Well for Bill Wasik, the deputy editor of New York Times Magazine, that happened.
In 1996, Bill was out of college. He didn’t know what he wanted to do. So he took on a low level research job that made investments in start-up tech companies. One of the advantage is that the firm allows you to make investments in companies the firm was investing in, up to $5,000 per company, per investments.
As he does not have any money, he have to take from the little money he made that time. So he would put $250 to $500 into companies.
3 years later, he moved to New York and worked as an unpaid intern at a magazine. It is during this point where those small investments started paying off. A $300 investment became $10,000. A $500 became $50,000. In total that came up to about $100,000.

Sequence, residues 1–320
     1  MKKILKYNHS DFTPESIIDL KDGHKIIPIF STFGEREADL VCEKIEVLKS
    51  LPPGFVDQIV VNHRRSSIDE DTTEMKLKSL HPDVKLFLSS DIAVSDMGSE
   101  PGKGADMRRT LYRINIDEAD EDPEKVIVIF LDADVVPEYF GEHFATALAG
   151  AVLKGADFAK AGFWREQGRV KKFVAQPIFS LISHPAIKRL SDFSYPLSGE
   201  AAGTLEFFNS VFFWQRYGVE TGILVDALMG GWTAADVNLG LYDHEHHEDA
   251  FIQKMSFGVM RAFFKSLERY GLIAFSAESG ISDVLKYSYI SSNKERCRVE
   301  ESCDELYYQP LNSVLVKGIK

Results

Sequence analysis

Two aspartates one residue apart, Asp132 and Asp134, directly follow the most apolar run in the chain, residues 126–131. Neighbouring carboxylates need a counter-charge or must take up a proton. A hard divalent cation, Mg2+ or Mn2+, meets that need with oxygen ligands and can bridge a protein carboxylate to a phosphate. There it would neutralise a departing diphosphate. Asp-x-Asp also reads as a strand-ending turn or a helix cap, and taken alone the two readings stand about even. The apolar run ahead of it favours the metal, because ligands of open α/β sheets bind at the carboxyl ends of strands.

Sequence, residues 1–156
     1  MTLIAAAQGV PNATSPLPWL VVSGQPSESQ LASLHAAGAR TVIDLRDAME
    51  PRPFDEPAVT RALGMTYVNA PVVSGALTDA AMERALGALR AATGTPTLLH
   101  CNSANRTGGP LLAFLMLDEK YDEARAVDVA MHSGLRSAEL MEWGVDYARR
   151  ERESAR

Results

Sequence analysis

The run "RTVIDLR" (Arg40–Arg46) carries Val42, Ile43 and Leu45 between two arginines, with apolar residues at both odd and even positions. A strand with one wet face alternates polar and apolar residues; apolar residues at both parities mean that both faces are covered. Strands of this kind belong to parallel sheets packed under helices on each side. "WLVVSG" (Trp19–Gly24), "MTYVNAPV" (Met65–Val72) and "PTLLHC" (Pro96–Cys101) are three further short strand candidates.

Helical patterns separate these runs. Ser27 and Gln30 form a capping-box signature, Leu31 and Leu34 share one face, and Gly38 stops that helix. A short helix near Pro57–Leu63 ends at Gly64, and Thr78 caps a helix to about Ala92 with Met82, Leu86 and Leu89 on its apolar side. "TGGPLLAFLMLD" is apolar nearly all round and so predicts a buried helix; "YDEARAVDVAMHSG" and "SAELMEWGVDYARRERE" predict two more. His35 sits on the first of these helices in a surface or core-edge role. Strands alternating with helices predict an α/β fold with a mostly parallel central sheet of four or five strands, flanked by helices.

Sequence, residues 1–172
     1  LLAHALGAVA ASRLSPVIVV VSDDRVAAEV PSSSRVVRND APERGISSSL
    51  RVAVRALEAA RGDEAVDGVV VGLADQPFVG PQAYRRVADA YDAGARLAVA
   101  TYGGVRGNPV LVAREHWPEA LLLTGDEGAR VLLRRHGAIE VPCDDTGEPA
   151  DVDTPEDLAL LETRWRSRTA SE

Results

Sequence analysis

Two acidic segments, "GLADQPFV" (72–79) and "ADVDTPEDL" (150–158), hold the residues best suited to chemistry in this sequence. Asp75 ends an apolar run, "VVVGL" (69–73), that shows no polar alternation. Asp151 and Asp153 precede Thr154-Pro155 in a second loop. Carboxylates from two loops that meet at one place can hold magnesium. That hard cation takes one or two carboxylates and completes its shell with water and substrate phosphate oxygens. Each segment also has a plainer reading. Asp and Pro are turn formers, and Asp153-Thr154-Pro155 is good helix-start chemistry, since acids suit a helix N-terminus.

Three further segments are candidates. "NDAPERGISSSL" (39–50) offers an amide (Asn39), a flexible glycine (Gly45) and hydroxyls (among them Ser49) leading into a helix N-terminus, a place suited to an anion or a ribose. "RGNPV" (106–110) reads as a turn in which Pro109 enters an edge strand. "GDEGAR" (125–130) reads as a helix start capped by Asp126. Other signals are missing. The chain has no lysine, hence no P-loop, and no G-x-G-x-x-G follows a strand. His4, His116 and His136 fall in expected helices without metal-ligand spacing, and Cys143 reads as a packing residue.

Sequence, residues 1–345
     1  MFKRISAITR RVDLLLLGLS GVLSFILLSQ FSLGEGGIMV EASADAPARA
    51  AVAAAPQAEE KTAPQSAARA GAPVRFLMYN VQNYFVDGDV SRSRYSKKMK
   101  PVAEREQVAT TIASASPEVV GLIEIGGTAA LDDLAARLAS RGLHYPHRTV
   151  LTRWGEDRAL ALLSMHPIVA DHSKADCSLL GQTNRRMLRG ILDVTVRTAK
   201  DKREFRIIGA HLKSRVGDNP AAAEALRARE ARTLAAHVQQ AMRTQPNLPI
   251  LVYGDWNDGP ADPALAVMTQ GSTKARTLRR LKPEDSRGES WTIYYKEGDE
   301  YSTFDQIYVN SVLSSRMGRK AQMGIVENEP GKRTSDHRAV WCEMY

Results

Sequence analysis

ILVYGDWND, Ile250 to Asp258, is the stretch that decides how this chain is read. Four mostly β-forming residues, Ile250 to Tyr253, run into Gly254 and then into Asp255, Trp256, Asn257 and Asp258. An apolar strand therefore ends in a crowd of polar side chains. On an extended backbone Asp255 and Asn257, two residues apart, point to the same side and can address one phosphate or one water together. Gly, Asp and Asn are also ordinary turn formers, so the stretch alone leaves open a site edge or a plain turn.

$100,000 may not be super, but we have to see the context where Bill was. The people around bill was scrounging and making very little money.
Bill let us in on the money culture in New York during that time, and how $100,000 can be life changing:
At the time I came to New York, everybody pretended they had the same amount of money. Even people who you knew or suspected were very wealthy would act like they didn’t have wealth, and people who really were living close to the bone would still feel like they wanted to or had to come out and get beers, get a drink, and do things socially to the same extent as everybody else. Because of the money I made, I was able to live in a very expensive city and do the things that people around me were doing, without the feeling of anxiety that so many people had hidden—or didn’t hide—about money in an industry where nobody gets paid very well.
Bill was able to get access and network with people. If he didn’t have money, he would have to do what his peers did, pretend that he could afford it and put drinks on credit card debts to network.